Harvard Health Letter
Chocolate is more than just a tempting treat. Certain compounds in chocolate, called cocoa flavanols, have been shown to boost health. But that doesn’t mean you should start loading up on the sweets.
“Consuming cocoa flavanols in chocolate is tricky. You need to understand the risks and benefits first,” says Dr. Miguel Alonso-Alonso, a neuroscientist at Harvard-affiliated Beth Israel Deaconess Medical Center, Boston, Mass.
Flavanols are a type of plant nutrient found in many foods and drinks, such as tea, red wine, blueberries, apples, pears, cherries, and nuts. They’re particularly abundant in cacao beans–the seeds of the cacao tree. Fermenting, drying, and roasting cacao beans yields cocoa powder, which is used to make chocolate.
Flavanols in cocoa have been studied for many years. They’ve been shown to help lower blood pressure, improve blood flow to the brain and heart, prevent blood clots, and fight cell damage. They’ve also been shown to help thinking skills.
A study published in the February 2015 American Journal of Clinical Nutrition found that older adults with normal thinking skills who consumed between 500 and 900 milligrams (mg) of cocoa flavanols every day for eight weeks made significant improvements on tests that measured attention, executive function, and memory.
A similar study in 2012 showed that daily consumption of cocoa flavanols was associated with improved thinking skills in older adults who did have problems with thinking.
“From laboratory and animal studies, we know that flavanols facilitate brain cell connections and survival, and protect brain cells from toxins or the harmful effects of inflammation,” says Dr. Alonso-Alonso.
BRING ON THE CHOCOLATE?
Since cocoa flavanols are so beneficial, it would seem that you should add chocolate to your daily diet. But you must use caution. The amount of cocoa used in chocolate varies by manufacturer, and flavanols are often destroyed in the production of chocolate.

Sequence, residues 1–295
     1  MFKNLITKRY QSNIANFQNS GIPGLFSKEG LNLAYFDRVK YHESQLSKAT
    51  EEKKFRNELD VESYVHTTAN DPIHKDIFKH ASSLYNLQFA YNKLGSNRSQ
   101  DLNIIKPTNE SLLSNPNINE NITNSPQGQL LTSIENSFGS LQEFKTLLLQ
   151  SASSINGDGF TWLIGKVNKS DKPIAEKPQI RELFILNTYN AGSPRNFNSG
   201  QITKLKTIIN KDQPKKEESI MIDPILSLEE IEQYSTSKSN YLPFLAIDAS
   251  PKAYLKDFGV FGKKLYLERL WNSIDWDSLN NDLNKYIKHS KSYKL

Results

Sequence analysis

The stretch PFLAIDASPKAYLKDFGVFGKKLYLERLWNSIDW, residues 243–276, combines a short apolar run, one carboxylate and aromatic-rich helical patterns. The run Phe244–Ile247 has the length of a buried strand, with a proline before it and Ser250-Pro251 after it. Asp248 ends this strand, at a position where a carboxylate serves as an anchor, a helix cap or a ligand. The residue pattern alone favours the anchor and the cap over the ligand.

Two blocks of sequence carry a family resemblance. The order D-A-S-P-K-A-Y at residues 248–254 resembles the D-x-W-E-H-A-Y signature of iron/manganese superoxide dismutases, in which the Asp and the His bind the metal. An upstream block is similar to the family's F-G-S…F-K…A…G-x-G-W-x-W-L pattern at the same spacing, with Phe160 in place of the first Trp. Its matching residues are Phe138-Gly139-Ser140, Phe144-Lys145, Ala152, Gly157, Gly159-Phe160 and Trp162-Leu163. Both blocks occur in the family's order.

Remember, too, that chocolate candies are high in sugar and saturated fat. Adding chocolates to your diet without taking out other foods can lead to weight gain, which may cancel out any health benefit. In addition, too much saturated fat can raise blood levels of “bad” LDL cholesterol.
WHAT YOU CAN DO?
There are no recommended daily amounts of cocoa flavanols in the U.S. But the European Food Safety Authority concluded that 200 mg of cocoa flavanols per day is a good target for the general population. Dr. Alonso-Alonso agrees that 200 mg can help maintain a healthy blood circulation.
To find out how much you’re getting, though, you’ll have to do some detective work about the source of your cocoa flavanols, especially in chocolate. The amount of flavanols in chocolate is not always listed. While as a general rule dark chocolate has more cocoa and therefore more flavanols than milk chocolate, the amount can vary enormously depending on how the chocolate has been processed.
If you can, avoid chocolate that’s been processed with the Dutch method–which includes alkali to reduce acidity, but reduces the flavanol content. The ingredients in “Dutched” chocolate will list cocoa processed with alkali.
If a chocolate bar doesn’t list the cocoa flavanol amount, see if it lists the concentration of what’s called “cacao.” Generally, dark chocolate with a higher concentration of cacao contains more cocoa flavanols. And remember that chocolate candies containing caramel, marshmallow, and other flavorings add no more flavanols–just more calories.
Other sources of cocoa flavanols include baking and beverage cocoa from the grocery store, and “fortified” supplements and powders from health food stores. But be careful: The U.S. Food and Drug Administration does not review and approve dietary supplements based on their safety and effectiveness. Consumer groups studying the amounts of cocoa flavanols in products have found that the actual amount in supplements and cocoa powders varies widely.
Dr. Alonso-Alonso says it’s best to get cocoa flavanols is from unsweetened cocoa powder that has not been processed using the Dutch method. The label may state that it’s not Dutch processed or simply that it’s natural cocoa, but if it says “alkalized” or “Dutch processed,” look for another brand. It should come from a major manufacturer and guarantee at least 200 mg of cocoa flavanols per serving. It will have a bitter taste, but it may have sweet results.